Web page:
Word of the large crowds gathering in Capernaum drifted back to Nazareth where Yeshua’s mother, Mary, and His brothers still lived. Nothing could alarm a Jewish mother more than to hear that her son was not eating. In a panic, she summoned the rest of her sons and set out for Capernaum to “take custody of Him; for they were saying, ‘He has lost His senses’” (Mark 3:21). Yeshua’s mother and brothers intended to bring Him back to Nazareth, where they felt He belonged.
Arriving in Capernaum, Mary and her sons had no difficulty locating Yeshua. They found Simon Peter’s house surrounded by a crowd of people. The multitude pressed in so tightly that no one could get through to Yeshua (unless they went through the roof). Followers and onlookers crowded around doors and windows, trying to catch His words. Like everyone else crushing about the house, Mary and her sons were told to take a number and wait their turn. They sent word to Him: “Tell Him His mother and brothers are waiting outside looking for Him.”
Inside the house, Yeshua sat with a circle of His disciples around Him, the twelve whom He had recently chosen. Other disciples were squeezed into the room to hear His words. Suddenly someone interrupted. “Your mother and Your brothers are outside looking for you” (Mark 3:32).
The Master responded, “Who are My mother and My brothers?” (Mark 3:33). No one answered.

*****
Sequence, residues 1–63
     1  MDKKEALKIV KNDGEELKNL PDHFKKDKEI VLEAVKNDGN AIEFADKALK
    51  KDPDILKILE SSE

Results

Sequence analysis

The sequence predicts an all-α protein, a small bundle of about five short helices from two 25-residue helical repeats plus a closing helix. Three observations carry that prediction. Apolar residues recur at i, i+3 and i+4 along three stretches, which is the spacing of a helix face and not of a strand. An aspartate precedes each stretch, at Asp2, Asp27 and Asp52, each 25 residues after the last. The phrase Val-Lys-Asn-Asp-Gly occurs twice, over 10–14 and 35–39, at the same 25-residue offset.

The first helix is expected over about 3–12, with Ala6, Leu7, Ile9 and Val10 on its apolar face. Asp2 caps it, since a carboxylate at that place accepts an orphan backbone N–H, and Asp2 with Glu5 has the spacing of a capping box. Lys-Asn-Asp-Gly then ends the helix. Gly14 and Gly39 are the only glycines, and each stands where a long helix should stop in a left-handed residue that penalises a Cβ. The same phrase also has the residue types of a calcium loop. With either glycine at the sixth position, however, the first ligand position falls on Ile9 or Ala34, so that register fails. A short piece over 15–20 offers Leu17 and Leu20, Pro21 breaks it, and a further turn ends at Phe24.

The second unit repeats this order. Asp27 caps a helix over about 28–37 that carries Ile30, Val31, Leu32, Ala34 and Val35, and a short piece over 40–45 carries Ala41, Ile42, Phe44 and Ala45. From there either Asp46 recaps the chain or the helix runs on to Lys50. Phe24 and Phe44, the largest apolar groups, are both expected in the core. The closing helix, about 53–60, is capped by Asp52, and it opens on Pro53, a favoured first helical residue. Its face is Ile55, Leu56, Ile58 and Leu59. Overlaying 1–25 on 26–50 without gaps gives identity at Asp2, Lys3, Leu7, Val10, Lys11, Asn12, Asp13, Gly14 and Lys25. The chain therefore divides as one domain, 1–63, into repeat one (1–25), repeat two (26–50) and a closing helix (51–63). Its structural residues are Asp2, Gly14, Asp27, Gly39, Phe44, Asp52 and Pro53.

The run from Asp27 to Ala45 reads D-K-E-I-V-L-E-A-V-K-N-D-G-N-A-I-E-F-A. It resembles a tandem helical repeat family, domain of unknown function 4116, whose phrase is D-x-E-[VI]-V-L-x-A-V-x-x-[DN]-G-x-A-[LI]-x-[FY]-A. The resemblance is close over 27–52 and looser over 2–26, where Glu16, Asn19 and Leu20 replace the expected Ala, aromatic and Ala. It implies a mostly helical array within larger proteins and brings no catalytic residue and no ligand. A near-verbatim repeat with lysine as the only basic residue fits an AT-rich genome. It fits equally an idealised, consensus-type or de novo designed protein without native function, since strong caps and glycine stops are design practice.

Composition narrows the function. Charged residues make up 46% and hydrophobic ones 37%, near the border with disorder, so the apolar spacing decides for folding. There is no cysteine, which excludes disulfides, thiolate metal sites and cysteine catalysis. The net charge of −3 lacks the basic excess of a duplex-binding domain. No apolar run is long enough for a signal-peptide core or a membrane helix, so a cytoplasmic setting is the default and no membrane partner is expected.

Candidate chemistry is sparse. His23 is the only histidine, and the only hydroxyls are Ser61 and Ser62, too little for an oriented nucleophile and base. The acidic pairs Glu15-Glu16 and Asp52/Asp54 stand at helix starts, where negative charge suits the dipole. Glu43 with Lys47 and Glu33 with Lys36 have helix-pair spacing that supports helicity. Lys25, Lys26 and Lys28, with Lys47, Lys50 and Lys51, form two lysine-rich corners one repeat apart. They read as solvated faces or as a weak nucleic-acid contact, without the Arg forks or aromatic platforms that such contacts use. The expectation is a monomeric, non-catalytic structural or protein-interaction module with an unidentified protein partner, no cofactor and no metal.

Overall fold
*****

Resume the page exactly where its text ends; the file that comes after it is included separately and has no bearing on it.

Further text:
He knew they were outside, waiting to take Him back to Nazareth, but His loyalty remained with His students in Capernaum. He looked at the disciples seated in the circle around Him, stretched His hand over them and said, “Behold My mother and My brothers! For whoever does the will of God, he is My brother and sister and mother” (Mark 3:34-35).
When those words came back to His mother and brothers standing outside, they cut to the heart. Yeshua—their Yeshua—refused them in favor of His disciples. They still thought of Him as their own, as if they could take charge of Him and talk some sense into Him. They had not yet come to a place of humility where they could follow Him instead of insisting that He follow them. The incident created a rift between the Master’s natural family and His family of disciples—a rift still evident in John 7:2-12, where Yeshua’s brothers taunt Him dismissively.
Some years later, His mother, Mary, began to follow in the path of discipleship. No longer just His mother, she too put on the sandals of a disciple and followed Him to Jerusalem for His last Passover. The Master’s natural family and His disciple-family finally reconciled at the cross when He gave charge of His mother to His beloved disciple John. Ironically, He gave Mary, the who intended to take charge of Him and remove Him from the company of the disciples, into the charge of one of those disciples. After the cross, the family of Yeshua rejoined Him as part of the larger family of Messiah. The resurrected Yeshua appeared to James, and James became the universally acknowledged head of the assembly of believers. His brothers became His brothers again, not just on filial terms, but as those who do God’s will and place faith in God’s Son.